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City of Farmington approaches financial stability

It seems hard work pays off, and the city of Farmington has received that benefit this year.

The city of Farmington’s general fund balance survived one of the two worst months of the fiscal year. And that’s a good sign that the city is on its way to regaining financial stability.

For the past several years, the general fund’s fund balance has typically slipped into the negative during May and November. In some years, the fund balance was already below zero in April and October. But this year, the fund balance stayed in the positive through all May. And that’s good news.

The general fund is the fund most often used by the city of Farmington to cover the day-to-day operations of the city. It covers costs associated with police, fire, parks, streets and utilities, and so on. The general fund is funded, in part, through the tax levy collected from property taxes. But those dollars are only allocated to the city in June and December.

Those same dollars are used to pay the city’s bills throughout the year. That’s why the fund balance has dipped below zero in the past. And that, city administrator David McKnight told the Farmington City Council July 21, “isn’t good news.”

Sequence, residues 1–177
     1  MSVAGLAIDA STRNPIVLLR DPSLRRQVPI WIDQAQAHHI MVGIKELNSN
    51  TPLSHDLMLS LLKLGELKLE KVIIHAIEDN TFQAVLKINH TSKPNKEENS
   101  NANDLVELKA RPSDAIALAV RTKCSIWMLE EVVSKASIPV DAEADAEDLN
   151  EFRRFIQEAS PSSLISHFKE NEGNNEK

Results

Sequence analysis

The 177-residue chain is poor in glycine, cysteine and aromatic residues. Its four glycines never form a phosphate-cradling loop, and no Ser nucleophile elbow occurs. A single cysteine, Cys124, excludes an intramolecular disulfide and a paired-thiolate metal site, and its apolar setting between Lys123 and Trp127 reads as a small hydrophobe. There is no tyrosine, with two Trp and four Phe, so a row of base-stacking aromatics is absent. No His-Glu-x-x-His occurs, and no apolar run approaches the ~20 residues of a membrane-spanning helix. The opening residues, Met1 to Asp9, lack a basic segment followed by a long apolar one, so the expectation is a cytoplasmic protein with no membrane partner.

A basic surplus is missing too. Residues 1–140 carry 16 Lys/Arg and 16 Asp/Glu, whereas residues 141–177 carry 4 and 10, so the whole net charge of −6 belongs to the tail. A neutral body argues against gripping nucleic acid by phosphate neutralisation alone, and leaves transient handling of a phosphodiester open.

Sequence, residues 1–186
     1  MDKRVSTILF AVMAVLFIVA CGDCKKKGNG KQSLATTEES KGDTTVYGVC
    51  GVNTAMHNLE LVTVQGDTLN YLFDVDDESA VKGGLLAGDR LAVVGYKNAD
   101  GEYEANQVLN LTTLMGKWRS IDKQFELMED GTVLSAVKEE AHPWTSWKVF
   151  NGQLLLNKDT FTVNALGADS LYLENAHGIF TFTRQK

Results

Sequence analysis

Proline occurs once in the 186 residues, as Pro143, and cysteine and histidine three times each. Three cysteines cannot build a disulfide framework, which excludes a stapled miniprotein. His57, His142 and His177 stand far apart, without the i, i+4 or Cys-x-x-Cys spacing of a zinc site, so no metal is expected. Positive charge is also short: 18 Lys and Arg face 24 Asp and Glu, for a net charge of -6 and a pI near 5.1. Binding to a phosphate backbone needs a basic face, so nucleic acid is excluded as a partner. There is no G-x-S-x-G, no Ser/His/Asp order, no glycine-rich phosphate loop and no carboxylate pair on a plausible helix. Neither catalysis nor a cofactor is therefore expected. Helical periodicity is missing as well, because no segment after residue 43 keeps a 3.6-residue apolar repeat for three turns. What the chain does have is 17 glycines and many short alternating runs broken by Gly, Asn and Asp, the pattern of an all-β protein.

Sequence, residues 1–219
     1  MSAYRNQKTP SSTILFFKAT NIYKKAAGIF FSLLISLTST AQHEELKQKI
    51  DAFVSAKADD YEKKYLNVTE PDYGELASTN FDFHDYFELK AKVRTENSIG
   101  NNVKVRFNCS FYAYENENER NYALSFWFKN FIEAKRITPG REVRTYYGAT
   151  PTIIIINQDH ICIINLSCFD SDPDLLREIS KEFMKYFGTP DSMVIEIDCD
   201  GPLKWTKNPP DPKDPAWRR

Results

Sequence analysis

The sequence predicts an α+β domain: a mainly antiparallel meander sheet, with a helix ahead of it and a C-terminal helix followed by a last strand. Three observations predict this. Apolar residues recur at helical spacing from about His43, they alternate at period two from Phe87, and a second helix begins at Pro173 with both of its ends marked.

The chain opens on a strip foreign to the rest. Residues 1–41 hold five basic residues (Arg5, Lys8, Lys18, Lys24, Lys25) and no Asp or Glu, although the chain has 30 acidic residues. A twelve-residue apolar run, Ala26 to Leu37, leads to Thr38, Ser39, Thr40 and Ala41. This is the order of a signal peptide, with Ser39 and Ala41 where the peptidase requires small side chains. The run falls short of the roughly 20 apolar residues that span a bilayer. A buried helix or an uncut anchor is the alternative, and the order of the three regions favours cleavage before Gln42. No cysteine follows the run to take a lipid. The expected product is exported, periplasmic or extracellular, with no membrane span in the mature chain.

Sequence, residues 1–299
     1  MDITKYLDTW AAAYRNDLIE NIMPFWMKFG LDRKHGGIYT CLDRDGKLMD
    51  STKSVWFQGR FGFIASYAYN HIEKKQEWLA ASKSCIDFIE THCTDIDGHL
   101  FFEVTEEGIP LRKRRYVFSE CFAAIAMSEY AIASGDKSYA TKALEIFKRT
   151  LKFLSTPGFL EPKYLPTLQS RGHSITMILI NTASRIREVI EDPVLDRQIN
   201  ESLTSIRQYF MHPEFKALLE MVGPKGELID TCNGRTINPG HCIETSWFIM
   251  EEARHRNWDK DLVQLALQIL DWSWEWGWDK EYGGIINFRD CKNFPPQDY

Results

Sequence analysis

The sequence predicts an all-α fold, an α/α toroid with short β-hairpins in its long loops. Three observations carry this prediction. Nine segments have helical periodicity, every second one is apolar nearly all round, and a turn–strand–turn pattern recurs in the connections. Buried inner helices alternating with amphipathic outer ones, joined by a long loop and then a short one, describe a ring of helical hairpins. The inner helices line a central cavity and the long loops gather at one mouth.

“We’ve had to borrow funds from other budgets to pay for those bills,” he said.

This year, that did not happen.

“I was ecstatic,” McKnight said. “We stayed above zero, which means that all of the work that you’ve been doing in planning and setting good policies is finally starting to pay off.”

By the end of June, after the city received its first allocation of property tax income, the city had just above $3.8 million on hand.

McKnight credits the reduced number of delinquent tax properties — meaning the city is collecting more of its property taxes on time than in the past — as well as an increase in permit dollars and solid budget planning.

Farmington mayor Todd Larson credits the hard work of McKnight, city staff and council members.

“We made a conscientious effort to get that fund balance above the negative. It’s not our job to have a lot of extra money sitting around, but it is our job to stay above zero and pay our bills,” Larson said. “I was almost giddy when I found this out.

“It may seem like we’re patting ourselves on the back, and we are. We worked damn hard. We still have a lot more work to do but we’re taking a big step in the right direction.”

Michelle Leonard

Michelle Leonard joined the Woodbury Bulletin staff in November, 2014, after 14 years covering news for the Bulletin's sister publication, the Farmington Rosemount Independent Town Pages.  Michelle earned her Bachelor of Science degree in Mass Communications: News-Editorial from Mankato State University in 1991. She is an active member of the American Legion Auxiliary Clifford Larson Unit 189 of Farmington, and served as the 2014-15 Third District President to the American Legion Auxiliary Department of Minnesota. Michelle is also the volunteer coordinator for the Minnesota Newspaper Museum which is open annually during the Minnesota State Fair. She has earned Minnesota Newspaper Association awards in Investigative Reporting, Local News Coverage, Feature Photography and Column Writing. 

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